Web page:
Education, not competition, defines IDEA's goal. However, structured and friendly debate tournaments offer a unique means to achieve excellence in education. Debate tournaments allow students to test their skills and provide an incentive for students to prepare and practice. For this reason, IDEA helps its members to organize debate tournaments.
Tournaments can range from small, local tournaments (which might take place after school) to large, international tournaments that can attract hundreds of debaters and coaches. Tournaments can be brief, afternoon long competitions that involve only a few rounds, or may be longer events that span several days and include debates, seminars, and social events.
As feasible, IDEA member associations should hold annual national tournaments (involving schools from across an entire country), regular regional tournaments, and frequent, small local tournaments within local communities. If appropriate, the community that hosts a regional or national tournament should arrange for coaches and debaters to stay with local families to keep costs to a minimum and in order to accommodate participants who may have come from far away. IDEA works with members associations in orchestrating international tournaments; such events are normally held at campsites or inexpensive conference centers.
Debate Tournament Topics
Within the guidelines appropriate to the specific formats of debate that occurring at a given tournament, tournament organizers are responsible for choosing the resolutions. For many formats, participants receive the topics at least one month in advance in order to allow sufficient preparation time. However, in parliamentary debate formats topics and motions may be announced prior to the tournament, but specific motions will not be chosen until shortly before each debate round. Periodically, the same topic may be debated at various tournaments; teams thus have a chance to improve their performance with practice and to strengthen their understanding of the topic.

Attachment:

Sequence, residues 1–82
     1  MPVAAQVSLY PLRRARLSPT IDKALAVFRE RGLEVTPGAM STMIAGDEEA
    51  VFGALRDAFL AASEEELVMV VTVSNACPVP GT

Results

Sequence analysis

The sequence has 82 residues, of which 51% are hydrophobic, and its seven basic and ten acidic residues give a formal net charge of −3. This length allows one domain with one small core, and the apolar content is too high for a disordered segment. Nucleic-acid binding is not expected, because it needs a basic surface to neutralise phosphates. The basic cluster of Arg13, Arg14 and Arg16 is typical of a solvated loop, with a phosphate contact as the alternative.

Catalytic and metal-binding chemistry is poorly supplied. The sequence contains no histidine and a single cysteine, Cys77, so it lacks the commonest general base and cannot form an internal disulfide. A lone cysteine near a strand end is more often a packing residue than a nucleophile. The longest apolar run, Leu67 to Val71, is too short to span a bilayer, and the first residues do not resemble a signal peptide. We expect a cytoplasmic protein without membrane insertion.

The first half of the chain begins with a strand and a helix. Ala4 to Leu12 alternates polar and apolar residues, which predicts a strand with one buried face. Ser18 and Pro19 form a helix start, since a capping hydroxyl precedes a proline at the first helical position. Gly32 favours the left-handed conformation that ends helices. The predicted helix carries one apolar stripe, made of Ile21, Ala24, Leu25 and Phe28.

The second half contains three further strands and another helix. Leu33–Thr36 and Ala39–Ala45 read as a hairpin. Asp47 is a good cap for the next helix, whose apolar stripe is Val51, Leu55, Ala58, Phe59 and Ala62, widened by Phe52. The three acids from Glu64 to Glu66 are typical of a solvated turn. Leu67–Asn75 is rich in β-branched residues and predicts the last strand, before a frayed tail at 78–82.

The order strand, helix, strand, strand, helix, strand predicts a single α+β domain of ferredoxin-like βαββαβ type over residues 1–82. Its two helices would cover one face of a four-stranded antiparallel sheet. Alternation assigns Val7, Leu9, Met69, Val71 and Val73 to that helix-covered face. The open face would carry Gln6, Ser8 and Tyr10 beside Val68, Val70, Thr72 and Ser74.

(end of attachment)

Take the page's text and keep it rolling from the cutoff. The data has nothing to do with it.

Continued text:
Debate Tournament Structure
Debate tournaments consist of a set of preliminary debates, or �rounds," in which all teams participate. Within the guidelines appropriate to the specific formats of debate occurring at a given tournament teams should debate each side of the topic in alternating preliminary rounds. Thus, a team that takes the affirmative position in the first round is the negative in the second.
The sides in the first round of a debate tournament should normally be assigned, or �paired�. After the first round, teams should be paired based on their performance up to that point. Teams are said to be �power-paired� when they each have the same or similar records. In a power-pairing situation, a team that has won the first debate should encounter, in their second debate, another team that won its first debate. By pairing teams in this way, tournament administrators are able to ensure that teams have a chance to debate teams appropriate to their skill level.
Following the preliminary rounds, teams with the best records proceed to elimination rounds. Successive elimination round pairings culminate in a final round in which the top two debaters or teams debate one another. To reach this point, pre-final round "high-low" elimination pairings are established � higher-seeded debaters or teams (i.e., teams with relatively better records) debate lower-seeded debaters or teams (i.e., teams with comparatively more losses or fewer awarded speaker points).